Is space travel compatible with sustainability?

The commercial space race is on with rich entrepreneurs taking to their rockets to reach for the stars. But the jaunts to space have courted plenty of criticism about space tourism and its carbon footprint.

Jeff Bezos, founder and CEO of Blue Origin
Jeff Bezos, founder and CEO of Blue Origin, speaks during an event at Space Launch Complex 36 at Cape Canaveral Air Force Station in Florida for the announcement that Blue Origin will build rockets at Exploration Park at NASA's Kennedy Space Center and launch them from SLC-36 at the Cape. Looking on is Rick Scott, Florida governor. Photo credit: NASA/Kim Shiflett

A long time ago, in a galaxy far far away…

…a small blue planet grew more and more fascinated by what lay beyond its planetary boundaries. Many of us young Skywalkers (and princess Leia’s) have turned our heads to the sky and dreamed about spaceships, aliens, and traveling at the speed of light.

While the race to colonialise the Moon ended with the Cold War, the exploration (and commercialisation) of space is back on the agenda. With entrepreneurs Jeff Bezos and Richard Branson each spending a few minutes (and a couple billions of dollars) in Earth’s orbit, the commercial space race is on.

But are space travel and sustainability compatible? It’s not like we have a shortage of problems on the Earth to fix. But the wheels of space research are already turning and cannot exactly be stopped at this point. 

What does the data tell us?

Space companies are traditionally defence firms posing an interesting question for sustainability investors who typically screen-out weapons-related businesses. The likes of Lockheed Martin, BAE Systems or Northrop Grumman are leaders not just in weapons manufacturing, but also space technology. However, there is a new breed of space companies on the horizon.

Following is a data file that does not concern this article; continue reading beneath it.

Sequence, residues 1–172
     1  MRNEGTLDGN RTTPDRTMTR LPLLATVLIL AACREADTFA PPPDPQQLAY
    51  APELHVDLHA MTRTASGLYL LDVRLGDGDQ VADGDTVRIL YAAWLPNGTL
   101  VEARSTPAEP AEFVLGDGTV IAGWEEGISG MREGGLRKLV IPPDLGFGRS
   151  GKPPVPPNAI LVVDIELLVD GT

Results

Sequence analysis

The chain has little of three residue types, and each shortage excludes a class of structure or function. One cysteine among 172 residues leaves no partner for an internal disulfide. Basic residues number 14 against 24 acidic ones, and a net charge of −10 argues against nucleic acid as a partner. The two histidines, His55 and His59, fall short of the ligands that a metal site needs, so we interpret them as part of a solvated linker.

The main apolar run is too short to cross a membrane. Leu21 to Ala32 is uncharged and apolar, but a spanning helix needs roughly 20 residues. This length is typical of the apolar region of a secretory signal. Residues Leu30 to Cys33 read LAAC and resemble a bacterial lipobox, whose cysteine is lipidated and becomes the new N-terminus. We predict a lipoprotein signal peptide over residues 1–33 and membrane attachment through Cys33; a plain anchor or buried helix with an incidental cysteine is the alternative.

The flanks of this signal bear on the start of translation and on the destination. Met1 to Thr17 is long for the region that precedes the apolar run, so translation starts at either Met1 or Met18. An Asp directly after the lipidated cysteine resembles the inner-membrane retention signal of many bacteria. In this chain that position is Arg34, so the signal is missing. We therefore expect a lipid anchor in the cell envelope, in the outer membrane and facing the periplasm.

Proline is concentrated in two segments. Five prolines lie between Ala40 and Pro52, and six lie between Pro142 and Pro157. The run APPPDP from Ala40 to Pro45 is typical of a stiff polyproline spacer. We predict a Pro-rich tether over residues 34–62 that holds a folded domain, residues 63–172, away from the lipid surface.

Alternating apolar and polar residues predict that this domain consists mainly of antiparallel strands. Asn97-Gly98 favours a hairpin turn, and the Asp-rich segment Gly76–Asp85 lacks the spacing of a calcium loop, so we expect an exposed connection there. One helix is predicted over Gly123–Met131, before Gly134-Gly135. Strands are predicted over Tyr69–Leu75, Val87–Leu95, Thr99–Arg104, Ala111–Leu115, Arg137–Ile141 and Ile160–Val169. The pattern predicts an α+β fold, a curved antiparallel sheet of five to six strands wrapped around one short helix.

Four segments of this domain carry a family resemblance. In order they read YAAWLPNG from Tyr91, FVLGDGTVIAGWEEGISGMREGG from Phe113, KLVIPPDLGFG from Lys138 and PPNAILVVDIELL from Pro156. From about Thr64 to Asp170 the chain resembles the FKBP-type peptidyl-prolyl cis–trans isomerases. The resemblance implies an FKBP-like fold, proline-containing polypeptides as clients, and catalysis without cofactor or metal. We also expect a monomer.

Listed in 2019, Virgin Galactic is the first publicly-traded space tourism company. The company’s Environment score (E in the ESG) is at a mere 32/100*, with low 30s* in Emissions, Environmental Solutions or Environmental Stewardship. This comes as no surprise as the Virgin VSS Unity spaceship runs on a combination of highly polluting fuels. Similarly, one SpaceX launch emits as much as 336 metric tonnes of CO2, enough to drive your car around the world 70 times. Bezos’ Blue Origins uses hydrogen fuel which does not emit carbon — though its production often does.

Conversation on the emissions caused by space travel will inevitably increase, and lead us to differentiate between space exploration (research) and space tourism which provides no tangible benefit to society beyond providing entertainment to the ultra-wealthy.

What can we do?

How does one go about allocating a proportion of their sustainable portfolio to “space”? And what’s would be the motivation given that we may never sit in a rocket ourselves?

One must realise that the topic of space goes beyond rockets. In many cases, space-related research has resulted in life-changing discoveries including satellite technology which today serves a vital function in measuring and tracking the climate crisis. The vital role of space research in society is reflected in space-related ETFs such as ARK’s ARKX or HanETF’s YODA, where we find names such as Nvidia, Tencent or partial allocations into a 3D ETF.

All in all, we haven’t come across financial products that look at space from a sustainability driven perspective with much investor focus still on the military application of space research. So, we will leave it for you to decide whether to support the “Light” or “Dark” side of space innovation … to infinity and beyond.

Arabesque is a global group of financial technology companies offering sustainable investment, advisory, and data services through advanced ESG and AI capabilities.  

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